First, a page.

Ensuring your vehicle and your paper work are in order before hitting the road for a family road trip
Have you ever found yourself staring down at your car’s engine, only to realize you don’t know anything about mechanics?
A road trip isn’t the time to learn, either. If you’re preparing for a road trip and your last oil change was when George Bush was still in office, then it’s time to sit up and pay attention! Some basic Mechanics 101 could save you from potential disaster on the road.
Below is a handy pre-road trip checklist for your vehicle that you can follow when preparing for a road trip, plus all the documents you’ll want to have in order before you leave.
Mechanical Checks Before A Road Trip
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1) Tires and Air Pressure
When was the last time you checked your tire pressure? If it’s been more than three months, then you should put it on your “things to do before a road trip” list. Properly inflated tires are not only safe to drive on, they can improve your gas mileage.
The quick and dirty method is to check the sidewall of your tire. You’ll find in small print, the PSI (pounds per square inch). The industry standard is around 35 PSI, but your owner’s manual should have this information for you.
Inflate to whatever that number says. If it’s too high or too low, you’re going to feel a massive difference in the way your car handles on the road.
Don’t forget your spare tire! Make sure it is equally in working order with good grip and pumped up ready to go.
It’s not just your cell phone that dies when the battery is low. Your car does, too. All sorts of things can drain your car’s battery if power is used without your vehicle being recharged.
If the terminals are black or crusty, then it may well be time to buy a new one. Wipe them clean and make sure the connection is tightly sealed. The last thing you want is for your battery to catch fire while you’re driving down the interstate.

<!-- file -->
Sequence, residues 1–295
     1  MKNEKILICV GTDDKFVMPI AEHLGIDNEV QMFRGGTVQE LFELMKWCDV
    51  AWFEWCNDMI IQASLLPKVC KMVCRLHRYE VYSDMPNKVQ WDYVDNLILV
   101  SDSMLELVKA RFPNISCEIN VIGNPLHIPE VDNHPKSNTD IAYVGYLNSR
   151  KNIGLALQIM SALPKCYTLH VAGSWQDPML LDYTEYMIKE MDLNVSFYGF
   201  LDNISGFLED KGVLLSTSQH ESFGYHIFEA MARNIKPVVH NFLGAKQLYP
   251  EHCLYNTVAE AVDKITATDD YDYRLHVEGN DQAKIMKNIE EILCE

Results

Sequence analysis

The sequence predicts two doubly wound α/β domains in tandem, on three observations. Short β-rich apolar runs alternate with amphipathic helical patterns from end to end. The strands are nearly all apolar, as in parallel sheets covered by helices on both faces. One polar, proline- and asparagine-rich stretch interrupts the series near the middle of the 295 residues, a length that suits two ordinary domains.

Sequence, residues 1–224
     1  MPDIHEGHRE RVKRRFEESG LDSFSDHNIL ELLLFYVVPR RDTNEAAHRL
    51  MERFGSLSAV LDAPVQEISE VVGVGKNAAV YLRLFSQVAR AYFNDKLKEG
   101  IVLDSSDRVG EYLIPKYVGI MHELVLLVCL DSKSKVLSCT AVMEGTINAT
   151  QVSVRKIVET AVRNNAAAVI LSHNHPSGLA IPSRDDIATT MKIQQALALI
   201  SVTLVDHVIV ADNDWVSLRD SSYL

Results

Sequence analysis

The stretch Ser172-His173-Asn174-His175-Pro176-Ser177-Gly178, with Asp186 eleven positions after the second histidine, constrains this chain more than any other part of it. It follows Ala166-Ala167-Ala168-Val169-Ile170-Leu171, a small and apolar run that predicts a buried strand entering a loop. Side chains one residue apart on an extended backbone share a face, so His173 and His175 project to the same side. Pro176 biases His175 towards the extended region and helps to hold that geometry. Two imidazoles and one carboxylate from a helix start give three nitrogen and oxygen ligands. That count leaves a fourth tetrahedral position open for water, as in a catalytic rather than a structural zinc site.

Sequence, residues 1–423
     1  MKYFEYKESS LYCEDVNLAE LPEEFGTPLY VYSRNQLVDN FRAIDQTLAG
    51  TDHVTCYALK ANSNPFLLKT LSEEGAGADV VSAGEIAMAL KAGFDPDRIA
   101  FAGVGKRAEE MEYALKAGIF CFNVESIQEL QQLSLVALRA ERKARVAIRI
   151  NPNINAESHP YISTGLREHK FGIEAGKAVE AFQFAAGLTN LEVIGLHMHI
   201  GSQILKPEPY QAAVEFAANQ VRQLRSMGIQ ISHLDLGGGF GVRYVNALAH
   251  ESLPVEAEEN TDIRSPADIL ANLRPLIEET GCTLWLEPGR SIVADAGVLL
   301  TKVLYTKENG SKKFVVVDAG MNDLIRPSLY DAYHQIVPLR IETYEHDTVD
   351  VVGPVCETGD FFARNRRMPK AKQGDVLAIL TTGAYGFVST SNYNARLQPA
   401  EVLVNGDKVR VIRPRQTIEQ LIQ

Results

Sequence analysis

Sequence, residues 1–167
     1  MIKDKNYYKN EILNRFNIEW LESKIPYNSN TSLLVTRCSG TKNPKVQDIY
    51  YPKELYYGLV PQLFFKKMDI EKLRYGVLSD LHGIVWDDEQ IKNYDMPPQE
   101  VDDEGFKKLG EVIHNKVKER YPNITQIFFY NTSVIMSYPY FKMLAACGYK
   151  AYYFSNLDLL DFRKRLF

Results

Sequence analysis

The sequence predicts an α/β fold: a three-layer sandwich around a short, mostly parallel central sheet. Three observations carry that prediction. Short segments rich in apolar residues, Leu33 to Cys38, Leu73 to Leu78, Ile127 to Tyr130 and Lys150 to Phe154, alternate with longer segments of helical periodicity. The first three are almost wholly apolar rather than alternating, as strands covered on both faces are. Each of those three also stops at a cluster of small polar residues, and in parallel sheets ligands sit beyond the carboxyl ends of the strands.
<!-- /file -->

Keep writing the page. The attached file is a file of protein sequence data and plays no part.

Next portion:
If your battery is more then 4 years old you may want to pre-emptively replace it before a long journey.
There are three fluids that every car needs: coolant, brake fluid, and motor oil (not necessarily in that order). It’s easy to take a quick look at each one and see if you need to add more. Make mechanical checks and prep your car fluids for the long trip ahead.
Coolant: This can be found in the engine compartment, usually near the radiator. There should be an overflow bottle that looks like a small milk jug present. Just look inside that to see how full it is.
Motor oil: Open your hood and look for an oil cap with a dipstick inside it. Pull the dipstick out and wipe it clean with a paper towel or rag. Put it back in and pull it out again after about ten seconds to see how much oil is on the end of that stick. The darker the oil on the stick, the quicker you need an oil change.
Brake fluid: Most cars have a reservoir for brake fluid near the tire on either side of your vehicle. It’s a translucent container that usually says “Brake Fluid” somewhere on it. If you’re not sure, check your vehicle manual for a picture of it.
4) Air Filter
If you’ve been changing your oil, then it’s a good bet that you know when your air filter is due. If you’re someone who has to take your car in to a shop every time the oil needs changing, then the chances are good that they’ll change this for you.
It’s an easy test to run yourself, though. Your owner’s manual should have a picture to show you where the air filter is located.
In most cars, it’s in the engine compartment and looks like a box with a mesh grill over it. Pop that open and do a quick look-see for any dark or oily spots, which would indicate that there’s a problem with your air filter.
5) Emergency Kit
These items will help keep you safe and prepared while out there on thousands of miles of road.
You may have used various items in your emergency kit over the years and not replaced them, so right before your next road trip is a good time to check everything is in order, replenish and replace items.